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Tropical Journal of Pharmaceutical Research

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Herbal carrier-based floating microparticles of diltiazem hydrochloride for improved cardiac activity

Yun Zhou, Min-Li Zhang, Bai-Jing Yuan, Jin-qi Yuan, Xin-Fang Zhao, Li Zhao, Hong-Qiang Ren

Abstract


Purpose: To formulate and characterize a gastroretentive floating drug delivery system for diltiazem hydrochloride using psyllium husk and sodium alginate as natural herbal carriers to improve the therapeutic effect of the drug in cardiac patients.

Methods: Floating microparticles containing diltiazem hydrochloride were prepared by the orifice ionic gelation technique. Various physicochemical properties of the floating microspheres were characterized, including drug content, particle size, surface morphology, in vitro drug release, and in vivo antihypertensive effect.

Results: The diltiazem hydrochloride microparticles exhibited a high drug content ranging from 63.23 ± 1.14 to 85.56 % ± 1.14 %. The particle size was 891.40 ± 2.14, 928.40 ± 1.79, 900.65 ± 2.22, and 1345.40 ± 1.36 μm (p < 0.05 compared to blank microspheres for formulations FDD1, FDD2, FDD3, and FFD4), respectively. Scanning electron microscopy showed that all the formulations had a smooth spherical surface with little pores and few cracks. The maximum floatability value was 83.11 % ± 3.18 % for FDD1. All of the formulations showed good in vitro drug release profiles, with a maximum release of 87.4 % of the drug at the end of 12 hours. The in vivo antihypertensive effects of the microparticles in human subjects were significant (p < 0.05 compared to normal controls), with a reduction in diastolic blood pressure from 120 to 78 mmHg at the end of 4 hours compared to diltiazem sustained-release tablets.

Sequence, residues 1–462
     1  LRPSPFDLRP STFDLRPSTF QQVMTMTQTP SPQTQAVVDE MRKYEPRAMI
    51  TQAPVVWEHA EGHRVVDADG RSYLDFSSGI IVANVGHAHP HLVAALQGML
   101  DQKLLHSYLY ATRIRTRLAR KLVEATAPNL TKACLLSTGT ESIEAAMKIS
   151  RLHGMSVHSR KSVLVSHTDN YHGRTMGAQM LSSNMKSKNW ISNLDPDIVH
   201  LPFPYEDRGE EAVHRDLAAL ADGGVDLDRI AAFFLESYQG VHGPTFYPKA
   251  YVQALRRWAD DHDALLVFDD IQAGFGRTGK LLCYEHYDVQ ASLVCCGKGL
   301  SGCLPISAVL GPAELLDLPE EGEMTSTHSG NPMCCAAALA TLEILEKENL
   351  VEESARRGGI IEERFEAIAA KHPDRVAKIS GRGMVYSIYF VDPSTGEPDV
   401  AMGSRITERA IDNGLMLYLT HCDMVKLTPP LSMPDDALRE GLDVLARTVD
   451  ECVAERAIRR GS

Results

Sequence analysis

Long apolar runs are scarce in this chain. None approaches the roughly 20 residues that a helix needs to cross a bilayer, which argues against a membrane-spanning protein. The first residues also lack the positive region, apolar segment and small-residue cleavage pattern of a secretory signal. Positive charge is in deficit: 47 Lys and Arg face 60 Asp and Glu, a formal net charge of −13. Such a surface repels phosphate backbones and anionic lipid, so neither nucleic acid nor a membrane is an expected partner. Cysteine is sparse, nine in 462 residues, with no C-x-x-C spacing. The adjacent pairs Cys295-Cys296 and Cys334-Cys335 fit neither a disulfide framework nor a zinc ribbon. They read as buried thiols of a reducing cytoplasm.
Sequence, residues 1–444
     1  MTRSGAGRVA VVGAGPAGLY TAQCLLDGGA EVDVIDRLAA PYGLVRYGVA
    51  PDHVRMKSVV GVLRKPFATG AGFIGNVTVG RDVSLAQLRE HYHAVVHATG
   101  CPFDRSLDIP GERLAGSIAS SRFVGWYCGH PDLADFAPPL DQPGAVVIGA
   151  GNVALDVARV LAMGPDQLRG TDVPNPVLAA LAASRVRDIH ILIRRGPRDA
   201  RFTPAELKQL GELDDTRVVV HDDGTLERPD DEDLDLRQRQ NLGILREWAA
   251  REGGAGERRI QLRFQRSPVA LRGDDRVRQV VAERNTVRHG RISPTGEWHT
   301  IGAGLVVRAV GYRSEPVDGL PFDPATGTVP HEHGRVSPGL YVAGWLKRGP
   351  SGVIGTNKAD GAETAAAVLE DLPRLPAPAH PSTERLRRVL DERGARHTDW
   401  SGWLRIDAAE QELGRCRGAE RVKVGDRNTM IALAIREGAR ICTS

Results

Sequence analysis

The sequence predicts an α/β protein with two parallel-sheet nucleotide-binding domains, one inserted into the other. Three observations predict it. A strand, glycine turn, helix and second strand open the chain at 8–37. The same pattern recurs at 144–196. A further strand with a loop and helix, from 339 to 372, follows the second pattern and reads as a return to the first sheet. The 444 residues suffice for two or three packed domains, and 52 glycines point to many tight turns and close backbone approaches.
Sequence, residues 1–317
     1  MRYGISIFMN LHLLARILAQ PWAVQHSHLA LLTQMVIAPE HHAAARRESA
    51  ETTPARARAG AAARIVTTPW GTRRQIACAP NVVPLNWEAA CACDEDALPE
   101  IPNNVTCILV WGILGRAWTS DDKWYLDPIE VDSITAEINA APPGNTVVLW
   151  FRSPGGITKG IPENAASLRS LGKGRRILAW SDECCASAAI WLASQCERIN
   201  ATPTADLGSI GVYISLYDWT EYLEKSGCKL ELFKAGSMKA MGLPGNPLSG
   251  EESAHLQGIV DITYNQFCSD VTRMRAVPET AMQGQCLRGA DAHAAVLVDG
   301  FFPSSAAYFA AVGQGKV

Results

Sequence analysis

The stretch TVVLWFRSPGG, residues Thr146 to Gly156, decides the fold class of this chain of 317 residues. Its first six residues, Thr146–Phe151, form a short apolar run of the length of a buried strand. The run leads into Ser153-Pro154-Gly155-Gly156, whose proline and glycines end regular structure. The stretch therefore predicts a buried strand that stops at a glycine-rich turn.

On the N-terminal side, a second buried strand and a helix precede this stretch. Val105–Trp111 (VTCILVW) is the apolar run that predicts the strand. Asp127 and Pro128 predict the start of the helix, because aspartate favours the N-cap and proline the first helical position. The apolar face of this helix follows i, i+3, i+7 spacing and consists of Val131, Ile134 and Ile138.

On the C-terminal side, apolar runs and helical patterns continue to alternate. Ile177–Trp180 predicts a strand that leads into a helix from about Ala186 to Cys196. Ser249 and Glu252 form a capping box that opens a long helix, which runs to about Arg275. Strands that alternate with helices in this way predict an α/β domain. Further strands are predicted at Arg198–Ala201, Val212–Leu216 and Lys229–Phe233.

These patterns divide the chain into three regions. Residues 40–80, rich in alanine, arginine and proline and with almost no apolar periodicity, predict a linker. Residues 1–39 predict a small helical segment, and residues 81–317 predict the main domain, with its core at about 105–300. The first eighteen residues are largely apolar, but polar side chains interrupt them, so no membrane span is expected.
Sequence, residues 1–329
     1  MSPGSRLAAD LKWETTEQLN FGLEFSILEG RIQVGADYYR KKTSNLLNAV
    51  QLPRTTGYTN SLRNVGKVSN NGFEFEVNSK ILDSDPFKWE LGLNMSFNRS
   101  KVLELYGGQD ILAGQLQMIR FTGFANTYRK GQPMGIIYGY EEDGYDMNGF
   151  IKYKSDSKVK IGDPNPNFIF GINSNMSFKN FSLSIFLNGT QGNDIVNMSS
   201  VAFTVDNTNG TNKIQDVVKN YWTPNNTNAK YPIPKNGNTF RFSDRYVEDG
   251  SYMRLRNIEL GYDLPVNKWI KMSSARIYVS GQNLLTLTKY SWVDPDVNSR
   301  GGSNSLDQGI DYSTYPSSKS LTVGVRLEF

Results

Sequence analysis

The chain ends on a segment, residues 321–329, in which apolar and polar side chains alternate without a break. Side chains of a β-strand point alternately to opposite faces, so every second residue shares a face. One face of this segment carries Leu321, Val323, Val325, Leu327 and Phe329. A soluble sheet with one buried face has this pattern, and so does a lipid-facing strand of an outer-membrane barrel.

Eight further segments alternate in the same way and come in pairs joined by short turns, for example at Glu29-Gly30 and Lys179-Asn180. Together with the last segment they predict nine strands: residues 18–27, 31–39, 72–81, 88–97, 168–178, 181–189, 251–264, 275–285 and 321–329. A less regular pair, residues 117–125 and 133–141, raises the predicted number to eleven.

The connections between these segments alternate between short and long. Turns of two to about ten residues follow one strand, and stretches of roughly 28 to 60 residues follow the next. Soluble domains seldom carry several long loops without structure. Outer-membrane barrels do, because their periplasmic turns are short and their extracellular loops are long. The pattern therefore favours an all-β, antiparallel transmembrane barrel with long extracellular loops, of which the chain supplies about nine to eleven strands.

Conclusion: Psyllium husk and sodium alginate-based microspheres can be suitably prepared for the controlled delivery of diltiazem hydrochloride to cardiac patients. However, further study is required to develop the delivery system.

Keywords: Diltiazem, Cardiac disease, Psyllium husk, Sodium alginate, Microsphere, Microparticle, Controlled drug release, Gastroretentive, Floating drug delivery




http://dx.doi.org/10.4314/tjpr.v16i6.5
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